House of Representatives
Office of Program Research
General Government Appropriations Committee
This analysis was prepared by non-partisan legislative staff for the use of legislative members in their deliberations. This analysis is not a part of the legislation nor does it constitute a statement of legislative intent.
Brief Description: Regarding environmental and land use hearings boards and making more uniform the timelines for filing appeals with those boards.
Sponsors: Representatives Van De Wege, Sells, Blake, Takko, Darneille, Walsh, Hinkle and Kessler; by request of Governor Gregoire.
Hearing Date: 1/28/10
Staff: Owen Rowe (786-7391).
Environmental Hearings Office.
The state Environmental Hearings Office (EHO) contains five boards that hear appeals from decisions made by state and local regulatory agencies. Each board has powers and procedures typical of an adjudicative tribunal, such as the power to administer oaths, take depositions, issue subpoenas, and conduct investigations. The EHO boards conduct administrative hearings and issue written decisions that outline the facts and relevant law for each case. The EHO includes the Pollution Control Hearings Board, the Shorelines Hearings Board, the Environmental and Land Use Board, the Forest Practices Appeals Board, and the Hydraulic Appeals Board. The EHO is independent of state and local regulatory agencies.
The Pollution Control Hearings Board (PCHB) hears appeals from orders and decisions made by the Department of Ecology (Ecology), local conservation districts, local air pollution control boards, and local health departments. There are three members on the PCHB, and the chair of the PCHB must also be the chair of the Shorelines Hearings Board.
The Shorelines Hearings Board (SHB) hears appeals of permit decisions and shoreline penalties issued by local governments and Ecology. The Shoreline Management Act provides for the regulation and management of development along the state shorelines. Local governments initiate the planning and administer a regulatory program consistent with the Shoreline Management Act, which includes administering and issuing shoreline substantial development, conditional use, and variance permits. Shoreline conditional use and variance permits granted by local governments must be reviewed by Ecology, which then issues the final decision. Local governments and Ecology may also issue fines under the Shoreline Management Act. The SHB hears appeals of shoreline-related permits and penalties. There are six members on the SHB, three of which must be the three members of the PCHB. The chair of the SHB must also be the chair of the PCHB.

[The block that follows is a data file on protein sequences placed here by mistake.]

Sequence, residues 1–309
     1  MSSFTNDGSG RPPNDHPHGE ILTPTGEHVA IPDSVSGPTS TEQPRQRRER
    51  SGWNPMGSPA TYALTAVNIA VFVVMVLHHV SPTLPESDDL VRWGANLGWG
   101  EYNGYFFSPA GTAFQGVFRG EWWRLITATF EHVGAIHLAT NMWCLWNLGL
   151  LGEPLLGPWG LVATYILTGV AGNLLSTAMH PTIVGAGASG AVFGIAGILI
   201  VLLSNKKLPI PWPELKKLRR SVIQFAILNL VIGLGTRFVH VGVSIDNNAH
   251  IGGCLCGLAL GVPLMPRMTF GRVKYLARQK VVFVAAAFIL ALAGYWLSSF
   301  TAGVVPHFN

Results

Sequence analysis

The Environmental and Land Use Hearings Board (ELUHB) is composed of six members, three of which are the SHB members serving as members of the PCHB. At least one member is an attorney. The three other members of the ELUHB, who serve part-time, are: the State Land Commissioner or designee, one representative from the Washington State Association of Counties, and one representative from the Association of Washington Cities. The chairperson of the PCHB is the chairperson of the ELUHB. The ELUHB hears petitions from certain permit decisions of state agencies, air agencies or local governments, involving an economic development project located within a county that qualifies as a distressed area and a natural resources impact area.
The Forest Practices Appeals Board (FPAB) hears appeals of decisions made by the Department of Natural Resources (DNR), including the approval or denial of forest practices applications, civil penalties, stop work orders, and notices to comply.
The Hydraulic Appeals Board (HAB) has exclusive jurisdiction to hear appeals arising from the approval, denial, conditioning, or modification of a hydraulic permit issued by the Department of Fish and Wildlife for the diversion of water for agricultural irrigation or stock watering purposes, for stream bank stabilization to protect farm and agricultural lands, or for off-site mitigation plans. The HAB also has jurisdiction to hear appeals of the approval, denial, conditioning, or modification of a hydraulic permit for the construction, replacement, or repair of a marine beach front bulkhead or rock wall.
Growth Management Act/Growth Management Hearings Boards.
The Growth Management Act (GMA) is the comprehensive land use planning framework for county and city governments in Washington. Enacted in 1990 and 1991, the GMA establishes numerous requirements for local governments obligated by mandate or choice to fully plan under the GMA and a reduced number of directives for all other counties and cities.